Aaron Schroeder of Hilton Head Island is stepping into an unknown future at about 20 miles per day.
He has fresh degrees from Duke University and the University of California at Berkeley under his belt, and about 36 pounds of gear on his shoulders. He is hiking the Appalachian Trail. He wants to do the whole thing, 2,182 miles from north to south.
"I am drawn to this kind of adventure because it allows me to be self-sufficient and because it has a very clear instruction manual: you walk," Aaron writes in a blog chronicling his stab at an achievement eight out of 10 who start don't finish.
"Real life is filled with goals that have a thousand different approach paths. The Appalachian Trail, or A.T., is exactly one path. I crave that kind of simplicity, just for a few months."
Aaron, 23, doesn't know what real life will hold. But the salutatorian of the Hilton Head Preparatory School Class of 2008 earned a master's degree in civil engineering in May from a very selective school, and he figures he'll have plenty of time to dissect roads and bridges.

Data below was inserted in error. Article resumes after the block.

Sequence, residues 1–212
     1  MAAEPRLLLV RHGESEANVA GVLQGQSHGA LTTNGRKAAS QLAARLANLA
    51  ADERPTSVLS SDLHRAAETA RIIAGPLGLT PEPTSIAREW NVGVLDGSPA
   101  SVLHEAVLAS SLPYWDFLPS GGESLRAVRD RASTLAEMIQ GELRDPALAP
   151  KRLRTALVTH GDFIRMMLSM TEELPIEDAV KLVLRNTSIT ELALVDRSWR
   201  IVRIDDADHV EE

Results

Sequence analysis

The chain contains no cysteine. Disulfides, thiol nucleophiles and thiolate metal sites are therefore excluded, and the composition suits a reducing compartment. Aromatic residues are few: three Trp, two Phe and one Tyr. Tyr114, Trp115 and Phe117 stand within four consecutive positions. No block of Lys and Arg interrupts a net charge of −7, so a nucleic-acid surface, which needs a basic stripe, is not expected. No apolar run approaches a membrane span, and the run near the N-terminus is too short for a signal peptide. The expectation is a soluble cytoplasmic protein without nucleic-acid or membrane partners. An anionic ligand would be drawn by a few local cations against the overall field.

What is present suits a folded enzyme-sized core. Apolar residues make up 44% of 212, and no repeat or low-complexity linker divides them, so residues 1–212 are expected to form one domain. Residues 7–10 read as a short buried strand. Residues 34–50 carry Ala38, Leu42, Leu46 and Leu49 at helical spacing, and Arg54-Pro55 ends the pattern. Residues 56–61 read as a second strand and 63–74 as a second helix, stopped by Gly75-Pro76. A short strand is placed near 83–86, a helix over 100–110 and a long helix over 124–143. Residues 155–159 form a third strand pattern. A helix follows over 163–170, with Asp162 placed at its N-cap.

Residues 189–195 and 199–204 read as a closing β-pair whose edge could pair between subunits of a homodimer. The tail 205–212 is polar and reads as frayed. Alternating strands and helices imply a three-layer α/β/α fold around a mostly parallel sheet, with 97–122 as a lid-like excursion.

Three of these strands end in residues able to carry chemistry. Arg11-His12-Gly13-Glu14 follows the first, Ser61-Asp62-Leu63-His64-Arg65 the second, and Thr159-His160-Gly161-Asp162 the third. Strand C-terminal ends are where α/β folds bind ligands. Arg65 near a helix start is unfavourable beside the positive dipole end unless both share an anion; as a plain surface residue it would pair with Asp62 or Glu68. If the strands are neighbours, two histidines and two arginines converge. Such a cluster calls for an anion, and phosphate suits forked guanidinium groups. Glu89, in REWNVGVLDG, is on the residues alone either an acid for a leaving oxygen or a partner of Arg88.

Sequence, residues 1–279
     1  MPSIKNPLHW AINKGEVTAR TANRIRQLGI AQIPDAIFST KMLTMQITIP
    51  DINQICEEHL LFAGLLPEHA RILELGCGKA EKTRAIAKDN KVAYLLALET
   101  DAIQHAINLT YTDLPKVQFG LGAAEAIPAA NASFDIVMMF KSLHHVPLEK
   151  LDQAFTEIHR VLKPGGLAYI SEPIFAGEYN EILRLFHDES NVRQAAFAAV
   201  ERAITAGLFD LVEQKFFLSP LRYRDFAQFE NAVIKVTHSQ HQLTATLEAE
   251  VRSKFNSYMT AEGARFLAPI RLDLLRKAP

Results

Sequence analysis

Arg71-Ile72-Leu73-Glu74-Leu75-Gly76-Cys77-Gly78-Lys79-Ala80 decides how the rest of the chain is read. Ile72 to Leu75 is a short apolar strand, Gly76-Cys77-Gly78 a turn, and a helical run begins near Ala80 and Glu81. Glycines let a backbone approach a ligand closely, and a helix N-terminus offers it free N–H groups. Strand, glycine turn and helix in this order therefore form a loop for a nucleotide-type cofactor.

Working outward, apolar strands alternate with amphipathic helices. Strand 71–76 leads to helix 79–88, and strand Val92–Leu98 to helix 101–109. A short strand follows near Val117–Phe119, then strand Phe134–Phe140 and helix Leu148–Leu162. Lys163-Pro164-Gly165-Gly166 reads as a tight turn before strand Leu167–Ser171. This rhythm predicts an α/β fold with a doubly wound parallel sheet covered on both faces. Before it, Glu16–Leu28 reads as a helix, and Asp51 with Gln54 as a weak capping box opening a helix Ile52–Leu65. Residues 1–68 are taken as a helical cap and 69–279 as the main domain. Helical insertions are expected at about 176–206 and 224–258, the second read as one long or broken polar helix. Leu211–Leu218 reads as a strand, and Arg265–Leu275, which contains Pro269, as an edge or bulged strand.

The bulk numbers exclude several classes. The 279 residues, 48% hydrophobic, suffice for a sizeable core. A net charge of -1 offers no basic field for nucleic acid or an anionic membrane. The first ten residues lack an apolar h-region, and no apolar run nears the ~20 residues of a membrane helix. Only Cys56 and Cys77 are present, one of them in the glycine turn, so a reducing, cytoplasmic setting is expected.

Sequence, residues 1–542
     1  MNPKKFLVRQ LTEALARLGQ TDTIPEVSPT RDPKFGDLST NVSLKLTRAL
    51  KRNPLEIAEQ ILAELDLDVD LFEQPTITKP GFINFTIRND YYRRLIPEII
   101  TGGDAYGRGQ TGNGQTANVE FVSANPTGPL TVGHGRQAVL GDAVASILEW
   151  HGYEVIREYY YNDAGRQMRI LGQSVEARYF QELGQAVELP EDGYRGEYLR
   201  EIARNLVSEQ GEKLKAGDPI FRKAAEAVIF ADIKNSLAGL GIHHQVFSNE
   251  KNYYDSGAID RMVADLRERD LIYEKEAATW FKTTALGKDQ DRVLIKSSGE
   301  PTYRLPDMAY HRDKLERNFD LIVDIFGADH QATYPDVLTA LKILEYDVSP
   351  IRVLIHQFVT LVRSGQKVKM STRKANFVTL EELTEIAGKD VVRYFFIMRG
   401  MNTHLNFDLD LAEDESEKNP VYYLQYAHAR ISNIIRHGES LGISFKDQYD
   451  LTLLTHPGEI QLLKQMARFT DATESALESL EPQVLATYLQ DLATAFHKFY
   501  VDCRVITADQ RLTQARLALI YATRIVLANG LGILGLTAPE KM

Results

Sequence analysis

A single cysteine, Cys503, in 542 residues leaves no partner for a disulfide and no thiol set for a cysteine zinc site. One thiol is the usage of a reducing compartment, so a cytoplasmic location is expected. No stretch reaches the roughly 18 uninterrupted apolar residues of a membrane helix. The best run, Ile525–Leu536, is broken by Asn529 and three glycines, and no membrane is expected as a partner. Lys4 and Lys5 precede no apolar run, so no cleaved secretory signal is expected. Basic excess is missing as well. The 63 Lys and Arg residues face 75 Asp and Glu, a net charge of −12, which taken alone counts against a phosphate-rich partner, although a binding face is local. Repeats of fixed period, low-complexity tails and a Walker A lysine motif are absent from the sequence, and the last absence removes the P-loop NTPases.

We talked by cellphone this week while everything but his rain jacket was in a dryer at a hostel in a Vernon, N.J., church. It was day 48 of the venture, and mile 833.3.
"It's like banging my head against a wall, over and over," he said. "It's just like doing the same thing over and over. It hasn't worn me down yet."
His trail name is Rooster because he starts hiking early each day. At the end of the day he types a blog post into a cellphone with a little keyboard he bought for $29 directly from China. You can follow him in your easy chair at http://aarontakesawalk.blogspot.com.
Aaron wrote this about a group of north-bounders he met one night: "They cooked up a snake they had killed, saying it tasted like bacon."
He tells of seeing the lights of New York City, of all things, and a family of bears walking through Vernon, N.J.
He tells of hardships -- flooding, falling and swatting. He tells of the goodness of mankind, with strangers leaving "trail magic," like cold beverages, for hikers. He's amazed at how resilient the human body is -- weak, sore and bug-bitten at night, but eager to forgive him in the morning.
And he says, oddly enough, it's the hardships that teach him the most about why he is doing this.
"You have a lot of time to gnaw on thoughts out here," he said, "which I think is good."
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